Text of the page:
MI DNR conservation officers provide tips for a safe, enjoyable hunting season

As the Nov. 15 firearm deer season opener nears, Michigan Department of Natural Resources conservation officers encourage hunters to brush up on safety tips and hunting regulations to ensure a safe, enjoyable experience.

“Firearm deer season is a special time of year in Michigan,” Cpl. Dave Painter said. “It brings family and friends DEER 3 COPYtogether in celebration of our state’s great outdoor heritage. Staying safe, knowing the laws and being good stewards of our resources will help hunters have a memorable outing.”

Painter reminds hunters that a mandatory deer check is in place within certain areas of the state due to the confirmation of chronic wasting disease, a fatal neurological disease found in deer, elk and moose. Hunters harvesting a deer in these CWD areas must bring it to a DNR check station within 72 hours. Visit mi.gov/deercheck for a map and list of check stations.

Regardless of where deer are harvested in Michigan, the DNR encourages all hunters to voluntarily take them to the nearest check station to help with disease surveillance. In addition, big-game hunters who travel outside of Michigan should be aware of new regulations restricting the importation of harvested cervids.

Painter also offered the following general safety tips:

    • Treat every firearm as if it is loaded.
    • Keep your finger away from the trigger and outside the trigger guard until you are ready to fire.
    • Keep the safety on until you are ready to fire.
    • Always point the muzzle in a safe direction.
    • Be certain of your target, and what’s beyond it, before firing.
    • Know the identifying features of the game you hunt.
    • Make sure you have an adequate backstop. Don’t shoot at a flat, hard surface or water.
    • Unload the firearm before running, climbing a fence or tree, or jumping a ditch.
    • Wear a safety harness when hunting from an elevated platform. Use a haul line to bring the unloaded firearm up and down the raised platform.
    • Avoid alcoholic beverages or behavior-altering medicines or drugs before or during a hunt.
    • Always wear a hat, cap, vest or jacket of hunter orange, visible from all sides, during daylight hunting hours, even if hunting on private land. The law also applies to archery hunters during firearm season.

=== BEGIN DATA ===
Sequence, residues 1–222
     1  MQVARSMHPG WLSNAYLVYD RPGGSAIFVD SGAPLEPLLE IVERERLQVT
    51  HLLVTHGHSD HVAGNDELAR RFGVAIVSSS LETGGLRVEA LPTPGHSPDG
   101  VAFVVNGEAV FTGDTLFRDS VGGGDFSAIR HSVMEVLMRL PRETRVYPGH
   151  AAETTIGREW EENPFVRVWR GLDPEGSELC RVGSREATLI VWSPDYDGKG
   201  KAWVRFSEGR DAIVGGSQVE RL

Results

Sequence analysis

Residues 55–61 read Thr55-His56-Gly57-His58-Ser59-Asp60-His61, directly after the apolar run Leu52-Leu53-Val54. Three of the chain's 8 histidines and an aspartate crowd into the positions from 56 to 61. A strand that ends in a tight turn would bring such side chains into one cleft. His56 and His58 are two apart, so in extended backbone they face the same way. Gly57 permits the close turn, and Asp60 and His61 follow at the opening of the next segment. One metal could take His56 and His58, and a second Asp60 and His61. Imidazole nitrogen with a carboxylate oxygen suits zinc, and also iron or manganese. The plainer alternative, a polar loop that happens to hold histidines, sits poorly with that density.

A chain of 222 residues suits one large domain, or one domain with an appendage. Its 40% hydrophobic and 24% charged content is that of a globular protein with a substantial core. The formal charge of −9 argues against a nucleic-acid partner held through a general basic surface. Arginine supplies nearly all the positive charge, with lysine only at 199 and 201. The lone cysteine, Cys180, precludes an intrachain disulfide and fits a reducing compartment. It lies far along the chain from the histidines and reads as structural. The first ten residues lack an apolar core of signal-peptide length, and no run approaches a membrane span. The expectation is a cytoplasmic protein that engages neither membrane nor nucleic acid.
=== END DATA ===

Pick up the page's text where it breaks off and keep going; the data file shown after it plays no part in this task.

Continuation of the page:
• Make sure at least 50 percent of any camouflage pattern being worn is in hunter orange.
    • Always let someone know where you are hunting and when you plan to return. This information helps conservation officers and others locate you if you become injured or lost.
    • Carry a cell phone into the woods. Not only does it let you call for help if necessary, but newer phones emit a signal that can help rescuers locate you. Also consider downloading a compass or flashlight app.
    • Program the DNR’s Report All Poaching (RAP) line (800-292-7800) in your phone contacts so you can alert conservation officers to any natural resources violations you may witness.

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ICOtec Introduces CG300 Reaper Electronic Predator Call

The GC300, also known as The Reaper, offers an outstanding remote technology that is unrivaled in the industry. Up to 300 yards (900 feet) with true no-line-of-sight required to activate the main speaker unit. The caller includes 12 of the most effective, field-proven, real animal sounds that get tremendous results. The Reaper uses minimal battery power, there is an integrated low battery monitoring and indication system for hunters to test their batteries before they leave the house so they are not left high and dry in the field. The system includes the ability to play two sounds simultaneously furthering your success rate at attracting predators. While the unit has tremendous volume and crisp clear sound quality, we have included an external speaker port for hunters in windy conditions. Read more

The New Outlaw Electronic Game Call by ICOtec